“In The Court Of King Oliver” is performed by trumpet star Wynton Marsalis with help from his father Ellis on piano from the album Standard Time Volume 3: Resolution of Romance. King Oliver was, or course, the first great trumpet star to be recorded. He move up river from New Orleans to Chicago and later recruited his protege Armstrong’s mentor.
“The Blues Are Out Of Town” is an upbeat contemporary jazz vocal by New Orleans native Laverne Butler from her album Blues In The City. Love her album.
“West End Blues” written by King Oliver is arguably the song that made Louis Armstrong a star with its soaring intro that leaves other trumpeters breathless. He recorded it several times over the years, this one in the fifties.
“Black and Blue” by Fats Waller and popularized by Armstrong is done here by Sidney Bechet on the Blue Note album The Fabulous Sidney Bechet. Bechet is featured on the soprano sax here and also played the clarinet. As a pioneering soloist, he did for the sax what Louis did for the trumpet.
“Mardi Gras In New Orleans” is an iconic New Orleans tune written by Professor Longhair done up this time in big band jazz style by Harry Connick, Jr. from Chanson Du VIeaux Carre.
“Red Hot Pepper” was written by Jelly Roll Morton who often claimed to be the inventor of jazz. Whether he was or not, he was one of the first great jazz composers. This version is by his fellow New Orleans master Wynton Marsalis from Mr. Jelly Lord: Standard Time Vol. 6.
“Mack The Knife” brings together two New Orleans contemporary greats featuring Dr. John vocalizing with Nicholas Payton and his 14 piece band on the trumpeter’s admirable tribute album, Dear Louis. I could have chosen any of several pieces from Payton’s album.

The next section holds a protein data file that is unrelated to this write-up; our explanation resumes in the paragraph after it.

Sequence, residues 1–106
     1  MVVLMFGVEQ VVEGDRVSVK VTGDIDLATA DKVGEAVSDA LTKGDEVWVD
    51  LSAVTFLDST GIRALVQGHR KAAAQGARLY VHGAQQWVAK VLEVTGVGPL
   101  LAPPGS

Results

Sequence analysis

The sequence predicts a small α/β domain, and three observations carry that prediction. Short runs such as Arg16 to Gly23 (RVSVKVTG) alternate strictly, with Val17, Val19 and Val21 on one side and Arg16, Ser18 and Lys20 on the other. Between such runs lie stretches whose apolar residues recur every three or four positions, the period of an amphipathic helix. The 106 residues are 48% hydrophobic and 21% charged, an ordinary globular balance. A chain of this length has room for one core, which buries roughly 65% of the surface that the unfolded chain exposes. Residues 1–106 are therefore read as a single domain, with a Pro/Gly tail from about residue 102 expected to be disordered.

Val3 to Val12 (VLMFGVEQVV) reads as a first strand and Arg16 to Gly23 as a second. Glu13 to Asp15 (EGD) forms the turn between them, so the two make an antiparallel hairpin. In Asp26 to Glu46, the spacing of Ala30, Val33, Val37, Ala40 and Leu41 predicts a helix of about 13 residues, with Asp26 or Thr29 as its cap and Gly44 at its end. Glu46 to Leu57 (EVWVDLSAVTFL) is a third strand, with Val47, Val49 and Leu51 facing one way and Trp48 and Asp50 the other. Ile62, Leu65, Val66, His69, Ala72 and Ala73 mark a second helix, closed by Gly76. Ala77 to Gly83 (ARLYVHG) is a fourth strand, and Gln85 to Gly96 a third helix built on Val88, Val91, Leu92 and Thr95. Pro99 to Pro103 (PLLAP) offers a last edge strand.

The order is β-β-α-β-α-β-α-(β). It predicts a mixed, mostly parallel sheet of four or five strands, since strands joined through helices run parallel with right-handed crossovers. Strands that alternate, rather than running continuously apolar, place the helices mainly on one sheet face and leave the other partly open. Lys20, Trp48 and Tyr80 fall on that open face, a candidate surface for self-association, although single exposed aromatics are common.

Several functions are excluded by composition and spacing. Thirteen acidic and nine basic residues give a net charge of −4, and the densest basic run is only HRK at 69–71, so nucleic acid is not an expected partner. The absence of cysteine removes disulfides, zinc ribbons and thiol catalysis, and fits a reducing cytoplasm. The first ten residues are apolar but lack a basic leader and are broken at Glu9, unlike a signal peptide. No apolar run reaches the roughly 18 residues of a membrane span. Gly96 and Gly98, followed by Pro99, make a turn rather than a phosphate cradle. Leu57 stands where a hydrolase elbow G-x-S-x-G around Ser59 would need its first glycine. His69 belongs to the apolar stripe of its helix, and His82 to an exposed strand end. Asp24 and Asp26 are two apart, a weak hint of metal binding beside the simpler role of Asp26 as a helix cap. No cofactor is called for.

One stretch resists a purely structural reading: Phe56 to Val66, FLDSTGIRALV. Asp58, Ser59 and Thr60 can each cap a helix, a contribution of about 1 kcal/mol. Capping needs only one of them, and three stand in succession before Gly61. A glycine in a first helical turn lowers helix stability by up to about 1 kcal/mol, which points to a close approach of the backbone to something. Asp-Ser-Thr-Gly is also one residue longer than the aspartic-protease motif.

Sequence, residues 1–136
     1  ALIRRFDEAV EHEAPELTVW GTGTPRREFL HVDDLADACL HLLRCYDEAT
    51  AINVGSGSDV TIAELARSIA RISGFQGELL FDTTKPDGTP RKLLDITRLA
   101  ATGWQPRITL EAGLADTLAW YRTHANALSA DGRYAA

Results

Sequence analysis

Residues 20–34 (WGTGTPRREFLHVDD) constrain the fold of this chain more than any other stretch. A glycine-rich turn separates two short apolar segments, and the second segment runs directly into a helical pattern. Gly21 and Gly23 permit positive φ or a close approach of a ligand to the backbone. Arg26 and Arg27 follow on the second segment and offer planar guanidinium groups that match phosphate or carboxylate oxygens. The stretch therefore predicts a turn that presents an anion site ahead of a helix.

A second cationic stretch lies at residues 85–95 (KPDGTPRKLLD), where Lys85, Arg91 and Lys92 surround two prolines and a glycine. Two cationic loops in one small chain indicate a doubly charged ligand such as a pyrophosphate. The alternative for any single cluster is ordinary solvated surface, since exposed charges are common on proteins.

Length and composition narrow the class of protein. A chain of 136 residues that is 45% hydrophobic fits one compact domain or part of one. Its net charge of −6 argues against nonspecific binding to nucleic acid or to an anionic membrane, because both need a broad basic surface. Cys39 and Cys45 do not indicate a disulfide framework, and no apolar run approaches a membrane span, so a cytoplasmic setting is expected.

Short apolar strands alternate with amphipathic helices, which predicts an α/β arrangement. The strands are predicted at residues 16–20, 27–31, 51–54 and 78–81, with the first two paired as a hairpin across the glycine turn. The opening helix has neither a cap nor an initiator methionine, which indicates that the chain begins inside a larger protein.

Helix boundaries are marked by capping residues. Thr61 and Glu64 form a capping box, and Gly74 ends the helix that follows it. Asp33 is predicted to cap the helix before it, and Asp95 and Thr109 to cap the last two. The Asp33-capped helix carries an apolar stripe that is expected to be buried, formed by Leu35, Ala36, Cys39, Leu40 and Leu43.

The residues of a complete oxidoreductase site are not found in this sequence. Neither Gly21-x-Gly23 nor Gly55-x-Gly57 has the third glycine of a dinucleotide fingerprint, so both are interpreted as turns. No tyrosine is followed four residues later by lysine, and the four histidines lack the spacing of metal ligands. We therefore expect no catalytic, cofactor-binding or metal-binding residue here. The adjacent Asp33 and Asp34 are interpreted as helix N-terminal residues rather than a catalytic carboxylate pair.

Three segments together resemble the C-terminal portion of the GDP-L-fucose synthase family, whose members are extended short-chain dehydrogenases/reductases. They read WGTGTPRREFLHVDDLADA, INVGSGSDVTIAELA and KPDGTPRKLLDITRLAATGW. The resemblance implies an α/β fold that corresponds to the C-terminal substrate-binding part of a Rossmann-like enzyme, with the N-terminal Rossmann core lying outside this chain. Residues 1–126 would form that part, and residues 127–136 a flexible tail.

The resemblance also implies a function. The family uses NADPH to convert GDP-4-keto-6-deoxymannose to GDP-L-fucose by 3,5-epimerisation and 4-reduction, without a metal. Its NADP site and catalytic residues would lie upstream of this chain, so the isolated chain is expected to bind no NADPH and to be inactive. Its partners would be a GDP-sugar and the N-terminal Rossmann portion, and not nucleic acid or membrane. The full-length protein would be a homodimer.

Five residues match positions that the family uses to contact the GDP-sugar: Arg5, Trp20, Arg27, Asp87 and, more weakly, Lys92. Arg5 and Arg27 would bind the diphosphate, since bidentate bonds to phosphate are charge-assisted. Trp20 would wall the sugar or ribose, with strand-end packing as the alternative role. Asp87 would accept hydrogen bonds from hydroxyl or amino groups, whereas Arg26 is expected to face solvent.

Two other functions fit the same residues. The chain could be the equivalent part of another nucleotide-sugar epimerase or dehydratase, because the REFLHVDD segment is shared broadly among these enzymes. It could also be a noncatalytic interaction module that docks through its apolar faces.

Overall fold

“New Orleans Stomp” is found on McCoy Tyner’s album Illuminations. On the one hand, this selection is an exception to the rule because Tyner is not from the Crescent City, but the tune captures the feel of a New Orleans second line, and Tyner’s trumpet player is New Orleans born and bred Terrence Blanchard.
The medley “Bye and Bye and The Saints Go Marching In” is the second selection on the list that I discovered on Putumayo Presents: New Orleans. Featuring Dr. Michael White and Greg Stafford these tunes are quintessential New Orleans.
“Basin Street Blues.” I know Satchmo pervades this list as influential player and singer, songwriter and muse, but I had to have one more serving from the master himself.
“Walking To New Orleans” by Fats Domino – could the list end any other way? When Fats was rescued by Coast Guard helicopter from Katrina’s waters, he was evacuated to Baton Rouge. It took awhile, but eventually Fats was able to return home to New Orleans.
To paraphrase Fats’ lyric, “New Orleans is our (musical) home, that’s the reason why we’re gone, walking to New Orleans.”